What is unique to Karine’s song writing is her method of combining dark, often depressing themes, with an angelic uplifting voice, she constantly weaves opposites together in her material. Her writing plays with contradiction to produce beautifully lyrical metaphor and oxymoron.   The end result is a humbling journey of hope and morality in the face of conflict and trail. After her academic studies she became a philosophy tutor, and in a way her lessons continue today through her music.

    Useful Related Links:

    Karine Polwart – This Earthly Spell

    Malinky – Scotlands Finest Folksong Group (Karine Polwart joined the group as lead singer between 1998 and 2005)


  • Rachel Sermanni

    Rachel Sermanni – Under Mountains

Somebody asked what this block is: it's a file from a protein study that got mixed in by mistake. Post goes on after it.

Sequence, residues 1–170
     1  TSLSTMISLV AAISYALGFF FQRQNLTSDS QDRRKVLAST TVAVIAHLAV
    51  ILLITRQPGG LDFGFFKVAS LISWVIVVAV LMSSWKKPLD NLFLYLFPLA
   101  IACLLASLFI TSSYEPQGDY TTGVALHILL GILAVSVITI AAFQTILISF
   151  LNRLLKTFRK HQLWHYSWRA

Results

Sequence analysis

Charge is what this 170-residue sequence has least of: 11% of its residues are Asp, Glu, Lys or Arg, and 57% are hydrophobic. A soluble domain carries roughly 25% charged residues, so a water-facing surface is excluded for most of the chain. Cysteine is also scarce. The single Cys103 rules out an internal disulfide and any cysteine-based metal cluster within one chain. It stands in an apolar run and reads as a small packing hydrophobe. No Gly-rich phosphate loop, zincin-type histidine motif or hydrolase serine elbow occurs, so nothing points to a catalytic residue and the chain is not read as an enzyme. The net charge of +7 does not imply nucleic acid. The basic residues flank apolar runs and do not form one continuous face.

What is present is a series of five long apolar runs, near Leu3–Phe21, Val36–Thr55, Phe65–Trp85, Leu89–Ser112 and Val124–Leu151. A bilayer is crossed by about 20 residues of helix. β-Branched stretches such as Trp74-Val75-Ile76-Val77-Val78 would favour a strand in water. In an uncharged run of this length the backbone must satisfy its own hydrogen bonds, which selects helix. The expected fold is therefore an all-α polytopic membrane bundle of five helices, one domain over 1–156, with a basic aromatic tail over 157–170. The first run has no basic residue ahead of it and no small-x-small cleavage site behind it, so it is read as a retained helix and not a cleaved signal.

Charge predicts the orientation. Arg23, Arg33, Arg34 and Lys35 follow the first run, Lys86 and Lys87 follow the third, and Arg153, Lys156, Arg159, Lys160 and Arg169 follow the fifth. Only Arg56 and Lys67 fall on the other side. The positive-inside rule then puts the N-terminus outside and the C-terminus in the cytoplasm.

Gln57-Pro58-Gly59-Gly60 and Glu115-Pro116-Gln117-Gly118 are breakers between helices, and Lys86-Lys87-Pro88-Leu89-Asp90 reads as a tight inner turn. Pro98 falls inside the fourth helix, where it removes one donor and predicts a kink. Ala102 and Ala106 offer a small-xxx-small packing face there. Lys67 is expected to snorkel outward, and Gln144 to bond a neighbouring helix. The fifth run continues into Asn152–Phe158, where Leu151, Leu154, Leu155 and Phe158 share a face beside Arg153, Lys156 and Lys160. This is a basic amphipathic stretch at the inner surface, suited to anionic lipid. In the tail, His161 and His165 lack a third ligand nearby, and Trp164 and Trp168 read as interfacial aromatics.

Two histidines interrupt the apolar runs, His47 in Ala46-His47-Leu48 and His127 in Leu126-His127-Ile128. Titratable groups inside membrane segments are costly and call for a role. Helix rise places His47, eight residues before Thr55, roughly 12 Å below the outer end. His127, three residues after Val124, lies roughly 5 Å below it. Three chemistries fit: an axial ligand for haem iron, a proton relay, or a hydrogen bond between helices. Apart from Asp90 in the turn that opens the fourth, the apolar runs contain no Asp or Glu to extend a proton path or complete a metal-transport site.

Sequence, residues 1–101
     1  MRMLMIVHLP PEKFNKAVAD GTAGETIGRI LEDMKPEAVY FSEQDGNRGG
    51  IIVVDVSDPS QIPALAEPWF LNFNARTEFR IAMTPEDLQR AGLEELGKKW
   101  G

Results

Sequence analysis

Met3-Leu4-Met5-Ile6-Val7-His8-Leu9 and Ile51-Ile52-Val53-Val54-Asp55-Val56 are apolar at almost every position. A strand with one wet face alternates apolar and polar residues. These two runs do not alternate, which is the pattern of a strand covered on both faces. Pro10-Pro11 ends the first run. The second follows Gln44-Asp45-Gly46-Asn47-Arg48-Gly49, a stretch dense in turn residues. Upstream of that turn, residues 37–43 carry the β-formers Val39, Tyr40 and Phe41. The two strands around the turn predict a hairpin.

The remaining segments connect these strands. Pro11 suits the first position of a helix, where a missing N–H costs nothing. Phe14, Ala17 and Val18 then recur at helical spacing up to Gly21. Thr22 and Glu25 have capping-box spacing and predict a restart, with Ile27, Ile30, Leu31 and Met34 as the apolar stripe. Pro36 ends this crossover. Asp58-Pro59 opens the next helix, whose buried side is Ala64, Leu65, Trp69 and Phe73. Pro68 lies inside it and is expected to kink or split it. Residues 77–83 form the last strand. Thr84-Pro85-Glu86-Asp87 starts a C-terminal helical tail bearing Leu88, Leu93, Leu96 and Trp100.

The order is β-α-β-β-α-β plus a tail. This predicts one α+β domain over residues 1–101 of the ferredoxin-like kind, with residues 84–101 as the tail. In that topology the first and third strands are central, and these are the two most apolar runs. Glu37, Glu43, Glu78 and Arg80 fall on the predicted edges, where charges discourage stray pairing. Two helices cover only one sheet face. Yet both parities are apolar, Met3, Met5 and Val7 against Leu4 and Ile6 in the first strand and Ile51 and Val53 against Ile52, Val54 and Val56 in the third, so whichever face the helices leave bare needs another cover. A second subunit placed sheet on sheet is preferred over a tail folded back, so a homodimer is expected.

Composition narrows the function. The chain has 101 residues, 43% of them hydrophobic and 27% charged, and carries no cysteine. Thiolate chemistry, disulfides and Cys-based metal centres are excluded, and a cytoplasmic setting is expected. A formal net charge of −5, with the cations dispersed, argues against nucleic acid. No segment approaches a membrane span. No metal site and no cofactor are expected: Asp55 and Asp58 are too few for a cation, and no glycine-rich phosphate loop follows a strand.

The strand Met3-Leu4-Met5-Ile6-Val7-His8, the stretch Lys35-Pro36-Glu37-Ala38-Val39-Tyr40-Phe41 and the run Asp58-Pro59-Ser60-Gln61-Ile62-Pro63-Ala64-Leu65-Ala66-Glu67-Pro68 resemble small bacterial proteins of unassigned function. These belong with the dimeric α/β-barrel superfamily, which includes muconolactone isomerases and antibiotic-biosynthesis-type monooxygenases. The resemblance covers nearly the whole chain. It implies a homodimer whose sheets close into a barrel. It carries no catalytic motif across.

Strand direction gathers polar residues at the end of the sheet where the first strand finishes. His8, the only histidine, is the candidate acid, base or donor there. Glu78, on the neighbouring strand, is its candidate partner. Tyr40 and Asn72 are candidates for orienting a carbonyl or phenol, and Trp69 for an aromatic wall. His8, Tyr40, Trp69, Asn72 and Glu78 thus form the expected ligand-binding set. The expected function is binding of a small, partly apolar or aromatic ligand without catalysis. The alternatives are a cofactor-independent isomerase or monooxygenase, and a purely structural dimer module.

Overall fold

During my exploration on Half Moon Run I decided to check out their video Full Circle – played live for the Mahogany Sessions.  Within the suggested videos section was an interesting titled song – Marshmallow Unicorn played by Rachel Sermanni  – somebody I had not, at the time, encountered.

    Rachel Sermanni

    I was instantly captivated with her velvety vocals and her intricately layered emotional inflections, the video itself sees her sitting on a busy street (images of Brighton Lanes came to mind), delivering a beautiful poetic piece accompanied with soft acoustic guitar. Her delivery is dreamy, almost introspective, her vocal delicacy is beautiful, with haunting romantic whispering and heart felt rhythm.  – It terms of genre she falls within the folk fairy-tale flavour, a space well known to the likes of Emiliana Torrini and Karine Polwart.

    Useful Related Links:

    * Rachel Sermanni home (good place for tour and venue dates – she is a busy busy lass)

    * Folk Radio UK review (featuring some free track samples)

    * YouTube home of the Mahogany Sessions